It is a strange phenomenon in current Christian circles that while attempting to be contemporary or unified or seeker-friendly or even biblical, the real gospel is often getting lost in the shuffle.
The Christian Left is highly concerned about social justice and the inequalities of today's world, and they do an amazing job addressing these issues helping people's external needs. But in the process some almost completely ignore the gospel of the Lord Jesus Christ — which is the only thing capable of cleaning up people's internal needs.
The Christian Middle (usually called the Evangelicals) has been busy for too long a time attempting to impress the world and the intellectuals on the Christian Left with their own intellectualism. Then, too, the Middle tries to balance its show of intellectual prowess with a loving concern that embraces all who "name the name of Christ." Unity is the rallying cry, but in the effort to establish a unified front to the world, the gospel ends up getting muddied, twisted, and redefined by a conglomeration of theological opinions under the one roof of "Unity".
Then there is the Christian Right known as Fundamentalists. These folks are so often embroiled in fighting against one thing or another — including each other — that even if they do slip in the gospel on occasion, the unbelieving world misses it because of the bombardment of embittered negativism that flows from some of their pulpits.
How Do We Understand What We Hear?
Let's pretend for a moment that we gather together all the thousands of leaders from the various factions of Christendom under one roof — call it a World Congress of Gospel Preaching. The keynote speaker stands before this notable group of the world's finest Christian workers, and says, "The greatest need in the world today is for people to hear the gospel of the Lord Jesus Christ." There is an instant cascade of "Amens" from all corners of the giant hall. We are thrilled with such an enthusiastic response. But wait. What's happening here? What's really going on?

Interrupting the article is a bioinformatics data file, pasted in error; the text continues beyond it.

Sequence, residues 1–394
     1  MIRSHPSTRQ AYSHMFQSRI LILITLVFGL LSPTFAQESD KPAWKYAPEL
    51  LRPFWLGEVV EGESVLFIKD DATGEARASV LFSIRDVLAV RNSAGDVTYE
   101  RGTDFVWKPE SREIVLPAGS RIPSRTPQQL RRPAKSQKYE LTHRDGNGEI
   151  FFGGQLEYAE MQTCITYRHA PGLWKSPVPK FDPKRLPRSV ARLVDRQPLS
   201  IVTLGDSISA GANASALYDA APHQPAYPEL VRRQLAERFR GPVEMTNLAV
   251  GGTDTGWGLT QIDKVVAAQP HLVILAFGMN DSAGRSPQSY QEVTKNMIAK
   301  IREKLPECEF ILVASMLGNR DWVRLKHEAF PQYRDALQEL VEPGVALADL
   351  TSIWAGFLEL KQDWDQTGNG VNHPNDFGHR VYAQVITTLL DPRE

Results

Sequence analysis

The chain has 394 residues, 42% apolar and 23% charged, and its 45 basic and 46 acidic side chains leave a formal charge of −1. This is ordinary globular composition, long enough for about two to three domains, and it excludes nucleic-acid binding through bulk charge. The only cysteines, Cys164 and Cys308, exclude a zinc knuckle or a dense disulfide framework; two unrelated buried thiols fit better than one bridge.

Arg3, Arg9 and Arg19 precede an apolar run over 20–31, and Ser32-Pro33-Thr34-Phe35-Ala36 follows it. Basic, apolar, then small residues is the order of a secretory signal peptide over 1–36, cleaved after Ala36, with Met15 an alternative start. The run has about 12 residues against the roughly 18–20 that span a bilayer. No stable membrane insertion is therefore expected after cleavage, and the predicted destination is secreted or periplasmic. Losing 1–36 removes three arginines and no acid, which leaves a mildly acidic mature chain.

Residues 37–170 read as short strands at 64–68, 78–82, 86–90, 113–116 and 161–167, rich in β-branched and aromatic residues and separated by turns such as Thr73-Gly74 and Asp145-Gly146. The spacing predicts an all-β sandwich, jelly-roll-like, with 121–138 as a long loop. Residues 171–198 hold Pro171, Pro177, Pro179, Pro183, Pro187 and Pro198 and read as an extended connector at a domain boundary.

While participants from all segments of Christianity would be affirming their agreement with the statement, each would be running that statement through the grid of their own theological leanings. In other words, though they would be agreeing with what was said, they would be defining what they heard in the light of their own understanding of "the gospel." The Baptists, Catholics, Nazarenes, Pentecostals, Independents, and Ecumenists, would all be agreeing with the statement but only as they define "gospel" in their own way.
For instance, a member of the Church of Christ might agree that the greatest need in the world is to get the gospel to the lost, but to their way of thinking the "gospel" demands that the unbeliever must do six things in order to be saved: 1) hear the gospel, 2) believe in Christ, 3) repent, by which they mean turn from sin, 4) confess Christ publicly, 5) be baptized in water by immersion, and 6) be obedient to the Lord's commands throughout the rest of one's life. If one becomes disobedient they would lose their salvation. This is nothing less than a by-works salvation, which is no salvation at all!
What it seems to boil down to is simply this: semantic noise —where we agree with one another's proclamations because no one is being definitive enough to cause any disagreement. In fact, disagreeing with another so-called "brother" is viewed as being tantamount to being unloving. We seem to forget that almost every time Jesus or one of the apostles opened their mouths they caused divisions. Clearly stating truth does that, even when done in love (see Ephesians 4:14–15).